Opinion: Made in America Act would improve access to medicines, provide jobs in SC
Patients in the US have faced drug shortages for years. This was illustrated amid the current pandemic, which was exacerbated by shortages of PPE (personal protective equipment), testing ingredients and drugs required for COVID-19 treatment.
Although America remains the world’s top innovator in life sciences, it dramatically lags countries such as China and India in the manufacture of antibiotics, active pharmaceutical ingredients formulated into tablets, capsules and medicines (API), vitamin C, many medical devices, and PPE.
While South Carolina reaps extraordinary benefits from foreign investment by international manufacturers, returning the manufacturing and sourcing of life sciences products to our country and state is not only a powerful economic driver – it’s a path to national and global stability.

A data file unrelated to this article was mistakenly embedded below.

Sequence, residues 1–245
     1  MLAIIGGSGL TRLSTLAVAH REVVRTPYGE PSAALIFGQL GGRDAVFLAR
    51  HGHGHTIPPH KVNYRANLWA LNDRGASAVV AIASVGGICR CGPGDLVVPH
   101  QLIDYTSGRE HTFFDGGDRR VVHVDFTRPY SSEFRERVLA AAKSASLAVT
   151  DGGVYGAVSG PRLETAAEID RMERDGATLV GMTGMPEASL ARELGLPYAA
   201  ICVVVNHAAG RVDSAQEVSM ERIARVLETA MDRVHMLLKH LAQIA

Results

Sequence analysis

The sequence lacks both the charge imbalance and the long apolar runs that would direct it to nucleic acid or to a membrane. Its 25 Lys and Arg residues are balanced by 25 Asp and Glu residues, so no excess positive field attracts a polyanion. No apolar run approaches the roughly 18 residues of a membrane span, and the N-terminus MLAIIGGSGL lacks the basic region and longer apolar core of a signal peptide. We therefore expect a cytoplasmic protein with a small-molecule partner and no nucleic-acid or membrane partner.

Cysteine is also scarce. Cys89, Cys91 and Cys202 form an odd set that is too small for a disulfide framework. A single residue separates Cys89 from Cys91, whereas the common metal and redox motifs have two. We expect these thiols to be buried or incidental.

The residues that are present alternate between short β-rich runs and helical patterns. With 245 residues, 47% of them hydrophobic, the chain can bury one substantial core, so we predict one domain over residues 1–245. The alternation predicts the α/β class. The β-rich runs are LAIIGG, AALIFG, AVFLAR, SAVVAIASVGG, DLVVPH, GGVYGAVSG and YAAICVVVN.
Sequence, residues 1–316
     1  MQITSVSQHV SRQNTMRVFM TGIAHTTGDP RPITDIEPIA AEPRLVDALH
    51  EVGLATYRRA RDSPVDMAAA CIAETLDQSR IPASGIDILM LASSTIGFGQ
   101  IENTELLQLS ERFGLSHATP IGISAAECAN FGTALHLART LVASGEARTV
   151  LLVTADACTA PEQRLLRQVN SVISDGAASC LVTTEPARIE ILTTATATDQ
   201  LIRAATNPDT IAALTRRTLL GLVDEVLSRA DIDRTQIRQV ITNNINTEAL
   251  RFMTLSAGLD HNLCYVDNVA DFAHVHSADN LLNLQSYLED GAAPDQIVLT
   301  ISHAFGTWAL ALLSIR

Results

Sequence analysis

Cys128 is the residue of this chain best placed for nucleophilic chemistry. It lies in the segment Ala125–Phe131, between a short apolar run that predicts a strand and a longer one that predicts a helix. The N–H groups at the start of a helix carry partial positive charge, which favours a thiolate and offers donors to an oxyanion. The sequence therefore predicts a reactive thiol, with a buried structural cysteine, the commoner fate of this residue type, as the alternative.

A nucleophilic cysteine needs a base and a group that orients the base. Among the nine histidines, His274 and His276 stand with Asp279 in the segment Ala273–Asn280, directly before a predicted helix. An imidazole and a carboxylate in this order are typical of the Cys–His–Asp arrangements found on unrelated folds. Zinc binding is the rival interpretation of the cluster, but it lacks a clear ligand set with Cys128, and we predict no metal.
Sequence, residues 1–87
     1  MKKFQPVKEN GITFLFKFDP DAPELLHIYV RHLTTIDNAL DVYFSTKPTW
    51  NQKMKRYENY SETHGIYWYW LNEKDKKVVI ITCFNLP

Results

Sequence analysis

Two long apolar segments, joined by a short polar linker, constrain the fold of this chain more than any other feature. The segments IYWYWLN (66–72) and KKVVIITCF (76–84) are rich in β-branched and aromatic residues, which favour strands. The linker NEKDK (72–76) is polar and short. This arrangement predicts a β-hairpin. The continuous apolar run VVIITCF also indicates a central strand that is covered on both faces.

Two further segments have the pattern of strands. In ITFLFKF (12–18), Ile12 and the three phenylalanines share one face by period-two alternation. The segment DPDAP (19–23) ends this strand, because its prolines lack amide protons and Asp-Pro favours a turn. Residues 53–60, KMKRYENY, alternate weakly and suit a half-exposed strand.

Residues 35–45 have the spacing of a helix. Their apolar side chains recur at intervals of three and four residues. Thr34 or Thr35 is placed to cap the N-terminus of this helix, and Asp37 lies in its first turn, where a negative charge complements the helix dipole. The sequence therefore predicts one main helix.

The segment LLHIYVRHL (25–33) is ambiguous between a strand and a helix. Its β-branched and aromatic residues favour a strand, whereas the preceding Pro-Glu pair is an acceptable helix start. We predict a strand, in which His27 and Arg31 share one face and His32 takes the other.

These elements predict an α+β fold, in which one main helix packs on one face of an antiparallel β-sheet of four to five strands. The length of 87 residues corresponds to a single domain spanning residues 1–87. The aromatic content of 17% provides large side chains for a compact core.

Scott’s legislation would bolster the domestic pharmaceutical supply chain, create new high-paying jobs here, and help our life sciences industry ensure that South Carolina patients can access the care they need. It would improve FDA reporting of facility inspections, tighten relationships with overseas regulators, and streamline the FDA standardization processes for overseeing pharmaceutical manufacturing to help mitigate drug shortages.
Opportunity Zones are already changing the face of America, lifting traditionally underserved areas, and delivering positive impacts here at home. The recent announcement of 1,400 new jobs and a $314-million high-tech agribusiness investment was catalyzed by an opportunity zone in Hampton County, one of South Carolina’s most poverty-stricken and rural locations.
The MADE in America Act would help South Carolinians access critical medicines, add high-paying jobs here, and encourage companies like Nephron to do what they do best – innovate, grow, and improve untold lives.
Full article at Greenville News.